- E.ON Energy
- EDF Energy
- Green Network
- Green Star
- Octopus Energy
- Pure Planet
- Robin Hood Energy
- Scottish and Southern Energy (SSE)
- Shell Energy (formerly First Utility)
- So Energy
- The Co-operative Energy
- Utility Warehouse
To get in touch with them, head to Ofgem’s Website where they provide a full list of suppliers and contact details.
Am I eligible for ECO?
To be eligible for Energy Company Obligation (ECO) funding, you must meet their three eligibility criteria.
Their first criteria dictates that customers must be a customer of the Warm Home discount, or they’d be eligible if they’re in receipt of one of the following benefits:
- Armed Forces Independence Payment
- Attendance Allowance
- Carer’s Allowance
- Child Benefit (as long as they don’t exceed the income threshold)
- Constant Attendance Allowance
- Disability Living Allowance
- Income-related Employment and Support Allowance (ESA)
- Income-based Jobseeker’s Allowance (JSA)
- Income Support
- Industrial Injuries Disablement Benefit
- Pension Guarantee Credit
- Personal Independence Payment
- Severe Disablement Allowance
- Tax Credits
- Universal Credit (UC)
- War Pensions Mobility Supplement.
The second criteria, is that households may be eligible for ECO if they are living in social housing with a poor energy efficiency rating of E, F or G – with considerations made for households with a D rating. If you’re not sure where to start with this, you can ask for an ‘energy performance certificate’ (EPC) which will rate your house from A (very energy efficient) to G (very inefficient). Inefficient homes will cost more to heat and maintain, so people in homes rated E, F or G may struggle to heat their homes for a reasonable cost. If you’re not sure on your current energy rating, EPCs are stored for 10 years and have to be legally measured whenever a house is rented out or sold, so search for your property in the list to find your EPC.
The third eligibility criteria is a referral from Local Authorities via the ‘LA Flex’. This gives councils and local authorities the ability to broaden the criteria for ECO to their local area. However, this flexible initiative is only available to homeowners and private renters, not social housing tenants.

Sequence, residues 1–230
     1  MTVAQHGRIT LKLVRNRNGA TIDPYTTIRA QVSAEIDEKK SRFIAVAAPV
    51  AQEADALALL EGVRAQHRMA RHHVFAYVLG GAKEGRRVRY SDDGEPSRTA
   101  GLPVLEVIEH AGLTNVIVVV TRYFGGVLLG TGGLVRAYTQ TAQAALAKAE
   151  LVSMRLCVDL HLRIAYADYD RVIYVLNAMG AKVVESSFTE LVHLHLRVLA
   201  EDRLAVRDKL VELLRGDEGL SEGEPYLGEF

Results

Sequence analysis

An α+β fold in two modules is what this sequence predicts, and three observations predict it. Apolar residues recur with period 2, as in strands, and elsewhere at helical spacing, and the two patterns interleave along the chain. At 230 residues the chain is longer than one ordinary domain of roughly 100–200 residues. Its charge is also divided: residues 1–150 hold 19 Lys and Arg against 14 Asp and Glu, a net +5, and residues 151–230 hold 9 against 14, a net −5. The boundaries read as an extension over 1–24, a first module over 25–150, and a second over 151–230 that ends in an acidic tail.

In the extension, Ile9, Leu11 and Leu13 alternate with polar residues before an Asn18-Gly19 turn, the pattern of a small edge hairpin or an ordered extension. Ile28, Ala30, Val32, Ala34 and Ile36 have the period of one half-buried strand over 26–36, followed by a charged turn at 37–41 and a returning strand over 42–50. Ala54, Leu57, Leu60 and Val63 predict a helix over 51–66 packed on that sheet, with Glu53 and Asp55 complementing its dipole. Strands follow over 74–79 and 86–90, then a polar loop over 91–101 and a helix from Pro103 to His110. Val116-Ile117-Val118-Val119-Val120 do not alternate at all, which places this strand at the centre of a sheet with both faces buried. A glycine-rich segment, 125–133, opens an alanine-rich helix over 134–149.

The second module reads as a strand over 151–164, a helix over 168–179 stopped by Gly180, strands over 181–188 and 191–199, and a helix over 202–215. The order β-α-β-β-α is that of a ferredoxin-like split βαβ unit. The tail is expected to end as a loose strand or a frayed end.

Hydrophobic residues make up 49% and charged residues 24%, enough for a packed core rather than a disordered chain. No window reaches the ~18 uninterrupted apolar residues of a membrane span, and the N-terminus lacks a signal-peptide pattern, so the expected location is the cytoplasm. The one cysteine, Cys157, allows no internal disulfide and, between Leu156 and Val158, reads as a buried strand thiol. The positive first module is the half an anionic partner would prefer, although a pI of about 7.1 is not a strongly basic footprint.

Before applying, remember that the scheme may require some level of contribution from your household towards the cost of your repairs, so be mindful of this getting started with ECO!
ECO measures explained
There are a few different ECO measures available for eligible households – ranging from household upgrades to improve energy efficiency to boiler repairs and replacements in energy inefficient households. Below, we explore some of the most popular ECO measures.
Most popular ECO measures
Some of the most frequently requested and most popular ECO measures for households include (as of October 2018):
- External and internal wall insulation
- Cavity wall insulation
- Loft insulation
- ’Other’ insulation, such as under floor, window glazing or flat roof insulation
- Broken boiler replacement, repair and upgrades
ECO cavity wall and loft insulation
Good household insulation can be an expensive investment for lots of households, but it’s also been shown to take up to £530 a year from your energy bills! Cavity wall and loft insulation might not be for everyone, but if eligible, they are really efficient ways of keeping your energy bills down all year-round.
Cavity wall insulation